The interview is a meeting between an employer and an applicant to talk about a job. We need to consider this from both points of view, страница 2

Note: Don't hesitate to ask for a clarification if you don't understand a question, or if you are not sure what the interviewer is getting at. Remember, the majority of interviewers will not have been trained in the skills of interviewing, and therefore they may not be good enough to conduct the interview in such a way that you are given the opportunity to present yourself in the best light. If this is the case, you must try to guide the conversation towards the important topics you want to bring up, for example, relevant experience, particular expertise, specific qualifications, and expression of opinions/attitudes or aspects of the job.

Genera] Points

1.   When you first enter the interview room, wait until you are asked to sit, and don't make any flippant remarks or attempts to be runny.

2.   Be positive in your approach, not hesitant, and (if the situation allows it) be prepared to shake hands with an interviewer. Obviously this wouldn't normally happen if there was a panel.

3.   Ensure that you know who is interviewing you— their names and status (positions in the company.)

4.   Try to maintain eye-contact with the person to whom you are talking at any one time.

5.   At the end of the interview thank the interviewers(s) of giving you the opportunity of discussing the job with them and presenting your 'case'.

2. Interviewing Candidates

•i ki AS a rCcmiler and interviewer, you will find that there is a wealth of advice ivaiiable to you, published by a number of authors and organisations. The activities which you are asked to work on in this part of the chapter will give you the opportunity to investigate some of these, and make up your own mind about the best approach. The basic outline you are given here should get the main principles set in your mind, and you can expand or develop techniques, which suit your approach. Remember, many recruiters are bad interviewers — you don't want to be one of them.

The job interview is two-way exchange of information between the employer (or the employer's representative) and the applicant. In order to get the best way out of any 'communicating' situation, thorough planning is essential. As an interviewer, you must prepare yourself with data relating to the situation (e. g. job details, information on the applicant), and should have a written plan containing a checklist of points to be covered, identifiable objectives, and a logical/sequential approach.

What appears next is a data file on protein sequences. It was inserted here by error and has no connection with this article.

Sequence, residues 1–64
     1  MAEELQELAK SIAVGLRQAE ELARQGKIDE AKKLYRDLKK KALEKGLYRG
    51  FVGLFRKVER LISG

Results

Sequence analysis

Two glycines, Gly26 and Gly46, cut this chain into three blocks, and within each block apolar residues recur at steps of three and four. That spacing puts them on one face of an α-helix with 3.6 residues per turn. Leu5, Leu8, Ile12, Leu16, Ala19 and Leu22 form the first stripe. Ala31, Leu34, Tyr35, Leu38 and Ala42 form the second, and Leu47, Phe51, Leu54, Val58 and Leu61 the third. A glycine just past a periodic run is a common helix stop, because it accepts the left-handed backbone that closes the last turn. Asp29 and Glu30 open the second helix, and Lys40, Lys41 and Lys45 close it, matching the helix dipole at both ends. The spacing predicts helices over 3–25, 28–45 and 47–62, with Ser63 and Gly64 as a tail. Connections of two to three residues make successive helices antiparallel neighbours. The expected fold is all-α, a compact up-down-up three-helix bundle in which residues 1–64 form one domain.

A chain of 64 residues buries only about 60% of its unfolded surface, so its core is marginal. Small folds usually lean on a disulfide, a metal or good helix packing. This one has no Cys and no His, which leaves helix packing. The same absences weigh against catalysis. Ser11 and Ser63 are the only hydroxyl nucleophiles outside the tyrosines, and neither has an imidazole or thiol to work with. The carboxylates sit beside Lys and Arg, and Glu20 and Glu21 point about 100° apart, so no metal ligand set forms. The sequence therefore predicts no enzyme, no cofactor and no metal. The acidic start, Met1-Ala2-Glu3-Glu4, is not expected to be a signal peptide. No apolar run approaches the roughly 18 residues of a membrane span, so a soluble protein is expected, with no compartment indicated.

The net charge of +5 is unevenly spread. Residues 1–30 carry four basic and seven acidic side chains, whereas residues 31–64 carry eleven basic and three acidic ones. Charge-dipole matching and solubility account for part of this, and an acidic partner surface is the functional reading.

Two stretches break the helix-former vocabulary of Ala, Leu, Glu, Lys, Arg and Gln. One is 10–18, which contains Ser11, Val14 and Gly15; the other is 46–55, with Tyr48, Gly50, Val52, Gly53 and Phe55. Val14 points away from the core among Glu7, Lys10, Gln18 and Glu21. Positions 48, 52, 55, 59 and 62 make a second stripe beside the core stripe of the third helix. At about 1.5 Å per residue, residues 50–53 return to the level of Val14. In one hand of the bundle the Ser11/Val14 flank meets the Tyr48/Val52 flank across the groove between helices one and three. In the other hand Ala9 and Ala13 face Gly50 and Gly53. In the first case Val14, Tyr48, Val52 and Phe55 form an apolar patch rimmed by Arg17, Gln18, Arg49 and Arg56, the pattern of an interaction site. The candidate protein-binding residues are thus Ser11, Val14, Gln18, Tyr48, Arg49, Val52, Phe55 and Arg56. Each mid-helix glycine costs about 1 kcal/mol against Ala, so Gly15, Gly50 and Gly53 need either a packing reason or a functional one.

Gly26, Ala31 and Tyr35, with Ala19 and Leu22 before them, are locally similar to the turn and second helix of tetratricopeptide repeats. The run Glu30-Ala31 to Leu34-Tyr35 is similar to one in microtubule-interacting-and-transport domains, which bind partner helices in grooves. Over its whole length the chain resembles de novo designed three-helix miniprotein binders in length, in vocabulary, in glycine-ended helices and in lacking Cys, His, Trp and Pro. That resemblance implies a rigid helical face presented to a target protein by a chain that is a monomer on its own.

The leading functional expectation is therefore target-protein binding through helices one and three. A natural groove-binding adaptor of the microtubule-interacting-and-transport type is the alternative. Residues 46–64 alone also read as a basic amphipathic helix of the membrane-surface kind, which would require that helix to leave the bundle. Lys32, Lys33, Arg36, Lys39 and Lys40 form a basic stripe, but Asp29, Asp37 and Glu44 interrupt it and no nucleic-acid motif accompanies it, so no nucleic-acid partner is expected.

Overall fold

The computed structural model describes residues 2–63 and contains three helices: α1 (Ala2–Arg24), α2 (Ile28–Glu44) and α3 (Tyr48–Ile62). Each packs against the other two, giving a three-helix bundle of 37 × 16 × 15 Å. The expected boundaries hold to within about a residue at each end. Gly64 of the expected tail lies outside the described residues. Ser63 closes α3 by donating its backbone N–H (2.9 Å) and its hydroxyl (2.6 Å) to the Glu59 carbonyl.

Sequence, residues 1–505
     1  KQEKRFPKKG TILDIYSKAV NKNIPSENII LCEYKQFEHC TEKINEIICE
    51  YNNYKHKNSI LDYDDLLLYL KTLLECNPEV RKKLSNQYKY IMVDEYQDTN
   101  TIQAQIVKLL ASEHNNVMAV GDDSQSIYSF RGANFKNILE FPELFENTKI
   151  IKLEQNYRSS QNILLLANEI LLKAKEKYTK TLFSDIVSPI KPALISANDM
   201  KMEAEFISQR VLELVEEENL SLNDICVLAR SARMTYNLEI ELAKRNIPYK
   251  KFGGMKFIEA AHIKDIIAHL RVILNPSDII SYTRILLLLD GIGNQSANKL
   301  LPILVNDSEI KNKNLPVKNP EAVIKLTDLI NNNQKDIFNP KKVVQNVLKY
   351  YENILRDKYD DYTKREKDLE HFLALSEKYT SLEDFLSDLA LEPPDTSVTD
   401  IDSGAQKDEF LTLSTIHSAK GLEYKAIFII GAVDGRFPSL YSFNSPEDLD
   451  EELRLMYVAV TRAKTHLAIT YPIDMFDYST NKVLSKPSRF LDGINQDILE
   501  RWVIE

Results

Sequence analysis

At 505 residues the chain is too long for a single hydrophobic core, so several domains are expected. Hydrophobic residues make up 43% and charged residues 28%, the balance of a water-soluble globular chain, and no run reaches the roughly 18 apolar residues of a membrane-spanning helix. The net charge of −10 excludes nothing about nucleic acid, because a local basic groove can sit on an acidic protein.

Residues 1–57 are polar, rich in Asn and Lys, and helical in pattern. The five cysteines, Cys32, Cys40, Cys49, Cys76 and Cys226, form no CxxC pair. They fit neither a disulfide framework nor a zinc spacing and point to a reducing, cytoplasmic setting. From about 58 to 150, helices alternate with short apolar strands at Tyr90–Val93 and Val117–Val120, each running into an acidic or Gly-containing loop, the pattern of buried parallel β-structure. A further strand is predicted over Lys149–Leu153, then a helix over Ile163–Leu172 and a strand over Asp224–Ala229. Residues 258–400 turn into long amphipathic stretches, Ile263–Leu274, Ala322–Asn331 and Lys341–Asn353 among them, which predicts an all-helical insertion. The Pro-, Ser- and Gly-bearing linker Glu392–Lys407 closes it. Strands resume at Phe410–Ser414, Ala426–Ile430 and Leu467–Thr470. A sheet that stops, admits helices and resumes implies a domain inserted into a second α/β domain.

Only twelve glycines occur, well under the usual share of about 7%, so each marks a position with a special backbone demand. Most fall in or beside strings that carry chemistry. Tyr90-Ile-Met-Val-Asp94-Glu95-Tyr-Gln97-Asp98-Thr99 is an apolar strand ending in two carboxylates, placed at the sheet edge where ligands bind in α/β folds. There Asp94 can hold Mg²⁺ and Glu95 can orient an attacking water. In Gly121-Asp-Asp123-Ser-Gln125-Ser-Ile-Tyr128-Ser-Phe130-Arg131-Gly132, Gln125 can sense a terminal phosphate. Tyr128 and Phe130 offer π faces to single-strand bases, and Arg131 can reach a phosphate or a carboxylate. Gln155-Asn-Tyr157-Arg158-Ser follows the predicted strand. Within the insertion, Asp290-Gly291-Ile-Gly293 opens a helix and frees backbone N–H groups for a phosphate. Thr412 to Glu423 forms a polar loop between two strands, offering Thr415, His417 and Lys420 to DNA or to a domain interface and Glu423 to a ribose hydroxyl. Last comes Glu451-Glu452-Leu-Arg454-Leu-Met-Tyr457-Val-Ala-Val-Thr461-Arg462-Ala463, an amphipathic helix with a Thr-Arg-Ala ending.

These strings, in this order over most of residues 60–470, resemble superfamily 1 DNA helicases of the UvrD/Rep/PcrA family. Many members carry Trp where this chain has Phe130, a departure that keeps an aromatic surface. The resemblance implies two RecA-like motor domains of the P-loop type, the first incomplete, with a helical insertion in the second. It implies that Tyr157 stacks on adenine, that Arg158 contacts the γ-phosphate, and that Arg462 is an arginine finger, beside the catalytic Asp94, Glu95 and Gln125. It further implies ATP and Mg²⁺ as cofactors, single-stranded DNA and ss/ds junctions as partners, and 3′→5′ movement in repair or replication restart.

First of all... get the facts: you will need a job description for the post to be filled; a personnel specification to identify the qualities and attributes needed to perform the job successfully; the application, including all letters, forms, CV, etc.; notes on, or copies of, references you have followed up.

Secondly... prepare some kind of assessment sheet based on a check-list of points similar to the seven point plan, or some other grading system, (e. g. J. M. Fraser's five-fold system, or weighted points scheme — see activity below).

After that., make sure the arrangements are complete. The interview should be held in a suitable place, as private and comfortable as possible, free from stress, interruptions and distractions. You should allow adequate time, and pick a time of day when you and the candidate will not be too tired, or suffering from the after-effects of a large lunch! Obviously, you must ensure that the candidates are notified of the day, date, time and place, and on the specified day it creates a good impression of someone is available to receive them and guide them to the waiting area or interview room.

Then*., assess the candidate's application against the job specification, and, when you are actually interviewing him/her, assess the responses and general personality in the same way. To ensure that you get the best out of the situation, you should, at the beginning of the interview, tell the candidate about the company and the job, and stimulate his/her interest in the post.

Finally... develop your interview logically according to pre-conceived plan. A chronological approach can often be useful — either starting with the current occupation and working backwards, or beginning with childhood (secondary age) and working forwards. Don't introduce contentious points too early, and always try to end each part of the interview on a positive note.